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Las Vegas F1 Track Guide: Where does it go and what does it pass?

The new Las Vegas circuit will be a shock to the senses – but it is not just the neon lights, jaw-dropping landmarks and late-night party vibe that will make it stand out. At 6.1km, it is F1’s third longest circuit after Spa and Jeddah, and with 17 mostly flowing corners it is also set to be one of its fastest.

Daniel Ricciardo, Red Bull Racing in Las Vegas

This is not F1’s first visit to Sin City – in 1981 and 1982 the sport turned up in town to race in the car park at Caesars Palace. This time things are very different, with a layout that takes the drivers around some of the city’s most famous streets.

Expect to see cars flying under pedestrian bridges, past monorail tracks and between many of the big casinos on the Strip, racing on resurfaced roads that are billiard table smooth and wide enough for plenty of wheel-to-wheel action.

Over 30 designs were created before the final layout was chosen and it has taken more than a year to put all the infrastructure in place – including a brand-new permanent pit and paddock. So, will it all be worth it? We think so. Here is what the lap will look like.

Turns 1 and 2

The racetrack starts in what used to be a disused car park – but if that sounds all a bit 1980s, it could not be further from the truth. F1 has turned this area into a grandstand-filled entertainment zone with a $500m pit and paddock complex topped with the iconic F1 sign and housing the Paddock Club, the ultimate place to watch the race.

The first corner is a tight left-hander that quickly follows the short start-finish straight. On the grid, the cars will be lining up all the way back around turn 17 and will have a very short run to the entry point, so there should be plenty of first lap action.

In contrast, on a flying lap, the flowing turn 17 will lead cars across the start-finish line and into this corner at close to top speed. Throw in the possibility of a long DRS zone into the mix and this should be a good place to look out for bold overtaking moves.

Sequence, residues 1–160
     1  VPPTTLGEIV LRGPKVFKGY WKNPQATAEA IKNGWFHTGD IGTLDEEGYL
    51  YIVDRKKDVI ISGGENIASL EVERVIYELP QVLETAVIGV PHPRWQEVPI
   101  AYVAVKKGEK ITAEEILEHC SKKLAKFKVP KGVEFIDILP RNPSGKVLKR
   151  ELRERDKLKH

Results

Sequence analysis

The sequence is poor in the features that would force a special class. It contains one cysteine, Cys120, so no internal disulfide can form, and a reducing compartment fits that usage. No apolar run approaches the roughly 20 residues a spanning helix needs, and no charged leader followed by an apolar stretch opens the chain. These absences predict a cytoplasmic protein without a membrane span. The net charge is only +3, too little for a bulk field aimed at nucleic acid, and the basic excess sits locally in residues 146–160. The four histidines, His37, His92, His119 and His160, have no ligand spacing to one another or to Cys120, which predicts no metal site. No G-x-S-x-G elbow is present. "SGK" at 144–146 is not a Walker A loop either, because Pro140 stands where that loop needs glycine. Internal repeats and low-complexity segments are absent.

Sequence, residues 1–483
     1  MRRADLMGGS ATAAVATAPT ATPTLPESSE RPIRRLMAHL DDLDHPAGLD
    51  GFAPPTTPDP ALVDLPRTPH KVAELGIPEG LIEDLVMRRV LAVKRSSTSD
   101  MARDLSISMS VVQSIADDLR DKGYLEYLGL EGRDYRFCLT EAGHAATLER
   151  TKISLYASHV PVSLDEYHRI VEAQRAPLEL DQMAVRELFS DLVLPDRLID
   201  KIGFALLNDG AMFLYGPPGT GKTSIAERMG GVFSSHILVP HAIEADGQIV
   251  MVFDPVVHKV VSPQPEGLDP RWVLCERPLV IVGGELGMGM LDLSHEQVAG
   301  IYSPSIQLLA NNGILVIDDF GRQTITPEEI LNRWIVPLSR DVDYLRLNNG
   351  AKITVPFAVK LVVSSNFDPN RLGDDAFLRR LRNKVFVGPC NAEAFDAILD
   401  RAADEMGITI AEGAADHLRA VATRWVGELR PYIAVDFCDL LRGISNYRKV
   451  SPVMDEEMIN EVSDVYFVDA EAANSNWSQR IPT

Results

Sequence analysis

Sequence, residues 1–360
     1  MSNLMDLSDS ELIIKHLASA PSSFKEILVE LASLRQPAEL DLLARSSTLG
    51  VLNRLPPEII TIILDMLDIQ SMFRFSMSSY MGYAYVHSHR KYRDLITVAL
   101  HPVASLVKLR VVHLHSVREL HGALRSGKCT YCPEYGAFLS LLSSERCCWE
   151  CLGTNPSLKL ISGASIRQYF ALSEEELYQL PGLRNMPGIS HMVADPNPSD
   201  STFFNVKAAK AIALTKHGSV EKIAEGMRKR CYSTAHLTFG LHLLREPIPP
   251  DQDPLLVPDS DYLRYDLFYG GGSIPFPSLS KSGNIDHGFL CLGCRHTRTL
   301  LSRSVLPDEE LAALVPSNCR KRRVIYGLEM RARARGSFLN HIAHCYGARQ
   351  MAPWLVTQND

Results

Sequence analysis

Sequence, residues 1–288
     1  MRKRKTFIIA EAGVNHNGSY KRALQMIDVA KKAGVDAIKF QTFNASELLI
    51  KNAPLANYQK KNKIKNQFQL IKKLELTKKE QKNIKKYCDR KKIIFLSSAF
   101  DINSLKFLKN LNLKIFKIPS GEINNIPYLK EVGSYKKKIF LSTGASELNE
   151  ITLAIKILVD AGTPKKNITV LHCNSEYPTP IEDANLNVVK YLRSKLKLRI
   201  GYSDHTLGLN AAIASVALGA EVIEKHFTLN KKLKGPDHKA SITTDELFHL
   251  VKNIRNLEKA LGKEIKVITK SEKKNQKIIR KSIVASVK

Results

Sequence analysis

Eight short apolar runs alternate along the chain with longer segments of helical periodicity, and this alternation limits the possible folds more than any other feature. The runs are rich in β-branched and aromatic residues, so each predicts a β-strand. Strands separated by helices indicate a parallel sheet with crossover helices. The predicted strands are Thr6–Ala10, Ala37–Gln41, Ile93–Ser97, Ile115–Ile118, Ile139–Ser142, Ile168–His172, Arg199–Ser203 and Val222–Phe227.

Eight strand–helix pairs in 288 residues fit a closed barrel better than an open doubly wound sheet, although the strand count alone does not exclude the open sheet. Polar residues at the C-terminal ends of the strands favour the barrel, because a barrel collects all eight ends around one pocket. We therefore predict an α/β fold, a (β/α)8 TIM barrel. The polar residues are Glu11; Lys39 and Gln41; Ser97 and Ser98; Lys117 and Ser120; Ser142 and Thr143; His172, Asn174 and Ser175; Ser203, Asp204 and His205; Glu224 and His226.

Once through the tight first corner, the track opens into a wider second, with the combination having the feel of a double apex turn. Surrounded by grandstands, this part of the track will give fans a great close-up experience, while the drivers will be so close they can hear the crowd inside their cockpits.

Turns 3 and 4

Continuing through this section, the next two right-handers again effectively combine, this time into one long sweeping curve. That will accelerate cars out onto Koval Lane, a 1km straight that is one of the longer on the F1 calendar, but not even the longest on this track.

Las Vegas Strip atmosphere at night, including the Eiffel Tower restaurant

Las Vegas Strip atmosphere at night, including the Eiffel Tower restaurant

Photo by: Zak Mauger / Motorsport Images

Turn 5

It is here where the visual spectacle of the new Las Vegas racetrack truly begins, as the drivers barrel down Koval Lane towards this 90-dregree turn, with the new Sphere – a crazy 112m-tall dome covered in tiny led lights – looming into view. It will surely be hard to stay focused here.

The corner itself is a classic street track style 90-degree bend and it takes the cars into what will be the second stadium-like complex on the circuit – an area that, in fact, actually houses the cheapest tickets available (albeit at a cost of a cool $500 for the race weekend).

Turn 6, 7, 8 and 9